WT Music Professor Publishes First Modern Edition of Austrian Composer’s Sacred Works

CANYON, Texas — Sacred 17th-century music by a Baroque composer is now accessible to the world, thanks to the research of a West Texas A&M University musicologist. 

Dr. Kimberly Hieb, associate professor of music in WT’s School of Music in the Sybil B. Harrington College of Fine Arts and Humanities, published two volumes of scores by Andreas Hofer, a church composer who worked in Salzburg, Austria, in the 1600s. 

“Andreas Hofer: Ver sacrum seu flores music,” which translates to “Sacred Spring or Musical Flowers,” celebrates a series of Catholic feasts. 

“The title relates to the time of year the book was published—springtime—but it also relates to the prevalent topic of the musical compositions, many of which celebrate sacrifice or martyrdom,” Hieb said. “A ‘Ver sacrum’ or ‘sacred spring’ was a Roman practice of making sacrifices in spring to look forward to or give thanks for a successful harvest.” 

This is the first modern musical edition of these compositions, which survive today only in centuries’ old partbooks—individual books of music for each instrument or voice, rather than being transcribed into one combined score, per modern tradition—in Salzburg and the picturesque Bavarian town Ottobeuren, Germany, Hieb said. 

Hieb, whose research was funded in part by a WTAMU Foundation faculty development grant, has traveled to Austria and Germany for several years to transcribe Hofer’s music from the original sources. 

“Before you can even do the transcription, though, you have to track down all of the partbooks, which can be fun and take you on some journeys,” Hieb said. “The archive in Ottobeuren was particularly tricky to access since they do not have a reading room or an archivist on staff. The abbot’s secretary fetched the partbooks from the archive for me and let me work transcribing at a little table in her office.” 

Musicians can’t play or study works they don’t have easy access to, Hieb said. 

“This project offers meaningful sources of church music that were used in Salzburg in the second half of the 17th century, a place and time that boasts lots of virtuosic violin music that has been studied and performed frequently, for example Heinrich Biber’s Rosary Sonatas,” Hieb said. “Hofer’s music dates to about a generation or so before the Mozart family was in Salzburg, but it is still indicative of the music the Mozarts would have likely heard in worship while in Salzburg.”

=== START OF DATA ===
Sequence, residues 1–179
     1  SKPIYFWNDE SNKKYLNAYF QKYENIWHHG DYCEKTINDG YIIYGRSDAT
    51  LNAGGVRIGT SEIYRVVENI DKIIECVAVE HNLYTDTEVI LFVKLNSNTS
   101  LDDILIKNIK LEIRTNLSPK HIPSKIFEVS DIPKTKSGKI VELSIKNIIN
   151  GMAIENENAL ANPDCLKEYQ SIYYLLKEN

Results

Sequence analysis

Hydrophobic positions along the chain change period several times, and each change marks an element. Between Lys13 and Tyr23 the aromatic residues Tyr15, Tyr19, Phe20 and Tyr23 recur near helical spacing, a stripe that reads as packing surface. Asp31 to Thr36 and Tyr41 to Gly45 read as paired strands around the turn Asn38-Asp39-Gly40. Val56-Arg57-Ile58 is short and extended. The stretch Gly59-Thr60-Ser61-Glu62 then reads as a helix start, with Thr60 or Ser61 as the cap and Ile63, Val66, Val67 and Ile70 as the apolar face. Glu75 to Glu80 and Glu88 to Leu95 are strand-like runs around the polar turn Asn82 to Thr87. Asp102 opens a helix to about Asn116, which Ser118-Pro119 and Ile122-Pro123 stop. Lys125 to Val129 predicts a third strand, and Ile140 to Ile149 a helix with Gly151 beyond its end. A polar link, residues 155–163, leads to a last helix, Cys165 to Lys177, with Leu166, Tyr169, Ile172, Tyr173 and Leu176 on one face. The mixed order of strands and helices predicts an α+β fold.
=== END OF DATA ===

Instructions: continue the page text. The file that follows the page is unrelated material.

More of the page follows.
The books are available from publisher A-R Editions or on Amazon. WT’s Cornette Library has physical copies as well as access to PDFs via Recent Research in Music Online.  

Hieb recently was named the new host for High Plains Public Radio’s “Classical Music Amarillo,” which broadcasts at noon Sundays, with an encore broadcast at 7 p.m. Thursdays. 

Hieb joined WT in 2016. She earned a bachelor’s of music from the University of Wisconsin–Madison, a master’s in musicology from the University of Iowa, and a Ph.D. in musicology from the University of British Columbia. 

Her research has been supported by the Austrian Exchange Agency, a Eugene K. Wolf travel grant from the American Musicological Society, and a Fulbright Research Fellowship to Austria. She has presented her research, which takes up questions of genre and religious and political representation in early modern music, at conferences both nationally and internationally. 

Research in all areas furthers WT’s status as a Regional Research University, the goal of the University’s long-range plan, WT 125: From the Panhandle to the World. 

That plan is fueled by the historic, $125 million One West comprehensive fundraising campaign. To date, the five-year campaign — which publicly launched Sept. 23 — has raised more than $110 million.

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